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Atomic-Scale Spectroscopy of Single-Molecule Junctions – Georgy Nazin

Date: Thu. February 12th, 2009, 4:15 pm-5:15 pm
Location: Rockefeller 301

Molecular junctions have attracted a great deal of attention recently due to their importance in the new field of Molecular Electronics. Electron transport in such junctions is a result of a complex interplay of many factors, including molecular electronic structure, adsorption configuration, and chemical environment.

Scanning Tunneling Microscopy (STM) is a powerful approach to molecular junction characterization because of its ability to provide atomic-level detail about the electronic structures and morphologies of these junctions. By using this approach, we investigated for the first time, a number of fundamental properties of molecular junctions:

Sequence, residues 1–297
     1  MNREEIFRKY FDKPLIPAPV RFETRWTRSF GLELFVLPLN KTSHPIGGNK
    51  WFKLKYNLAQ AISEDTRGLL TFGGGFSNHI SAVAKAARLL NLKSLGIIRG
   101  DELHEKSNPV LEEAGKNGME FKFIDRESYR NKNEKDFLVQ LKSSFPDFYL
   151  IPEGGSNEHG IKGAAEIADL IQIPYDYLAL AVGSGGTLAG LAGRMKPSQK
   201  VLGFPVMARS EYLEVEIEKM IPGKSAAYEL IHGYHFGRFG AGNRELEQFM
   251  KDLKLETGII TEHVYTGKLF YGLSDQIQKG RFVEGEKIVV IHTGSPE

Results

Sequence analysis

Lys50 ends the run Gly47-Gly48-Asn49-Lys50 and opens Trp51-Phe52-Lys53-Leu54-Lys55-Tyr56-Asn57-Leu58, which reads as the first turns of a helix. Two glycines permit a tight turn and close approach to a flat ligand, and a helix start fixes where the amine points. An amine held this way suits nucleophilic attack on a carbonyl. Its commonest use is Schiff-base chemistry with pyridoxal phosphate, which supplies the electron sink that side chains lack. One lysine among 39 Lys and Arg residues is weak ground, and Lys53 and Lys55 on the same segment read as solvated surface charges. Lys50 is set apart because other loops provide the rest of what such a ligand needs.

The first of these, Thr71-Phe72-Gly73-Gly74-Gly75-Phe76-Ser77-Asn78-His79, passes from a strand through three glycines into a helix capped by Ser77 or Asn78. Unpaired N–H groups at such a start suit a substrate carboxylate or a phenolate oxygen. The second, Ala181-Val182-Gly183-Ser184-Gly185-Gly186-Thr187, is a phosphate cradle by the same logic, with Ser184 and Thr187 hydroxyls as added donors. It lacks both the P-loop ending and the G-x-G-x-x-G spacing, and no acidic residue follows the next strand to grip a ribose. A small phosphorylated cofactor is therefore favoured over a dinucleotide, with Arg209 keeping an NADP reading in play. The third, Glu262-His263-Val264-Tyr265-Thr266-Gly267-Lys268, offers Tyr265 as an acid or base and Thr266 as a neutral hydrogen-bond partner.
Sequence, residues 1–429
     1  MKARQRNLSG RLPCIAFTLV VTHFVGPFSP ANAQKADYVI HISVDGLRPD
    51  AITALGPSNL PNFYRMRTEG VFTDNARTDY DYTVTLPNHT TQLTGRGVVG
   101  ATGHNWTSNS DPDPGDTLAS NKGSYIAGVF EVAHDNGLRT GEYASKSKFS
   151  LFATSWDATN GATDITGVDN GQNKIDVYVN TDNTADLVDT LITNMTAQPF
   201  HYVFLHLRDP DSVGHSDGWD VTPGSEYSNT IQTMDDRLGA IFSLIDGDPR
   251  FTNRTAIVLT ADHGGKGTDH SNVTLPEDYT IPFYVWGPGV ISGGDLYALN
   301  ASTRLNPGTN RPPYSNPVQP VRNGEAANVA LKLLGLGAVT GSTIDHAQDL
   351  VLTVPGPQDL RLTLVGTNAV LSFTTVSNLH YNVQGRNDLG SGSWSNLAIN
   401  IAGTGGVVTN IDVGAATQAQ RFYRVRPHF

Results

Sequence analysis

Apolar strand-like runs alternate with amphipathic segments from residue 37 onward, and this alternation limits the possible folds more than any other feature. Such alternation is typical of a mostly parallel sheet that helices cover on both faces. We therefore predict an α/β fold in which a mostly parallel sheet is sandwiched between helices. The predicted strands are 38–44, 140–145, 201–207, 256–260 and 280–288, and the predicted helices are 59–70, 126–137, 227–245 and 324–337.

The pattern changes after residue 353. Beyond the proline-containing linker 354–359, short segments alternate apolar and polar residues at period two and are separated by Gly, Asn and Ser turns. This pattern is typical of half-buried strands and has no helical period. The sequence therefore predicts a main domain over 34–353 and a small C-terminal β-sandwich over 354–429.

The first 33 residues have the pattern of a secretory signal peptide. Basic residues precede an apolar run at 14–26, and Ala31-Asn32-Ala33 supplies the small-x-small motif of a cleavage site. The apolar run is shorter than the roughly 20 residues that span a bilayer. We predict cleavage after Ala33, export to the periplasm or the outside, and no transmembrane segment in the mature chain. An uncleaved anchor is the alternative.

1) By measuring the current-voltage characteristics of individual molecules, spectroscopic information about their orbital structure and current-induced vibrational excitation/nuclear motion was obtained.

2) Injection of high-energy electrons into molecules leads to photon emission sensitive to the molecular adsorption configuration, enabling a novel form of molecular optical spectroscopy with spatial resolution at the atomic scale.

3) The capability of STM to manipulate individual atoms and molecules was used to assemble artificial molecular junctions, where the chemical effects associated with the molecular junction formation were probed.

These results demonstrate both the power of STM as a spectroscopic tool, and the need for atomic-scale approaches to characterization of nanoscale molecular materials and systems.

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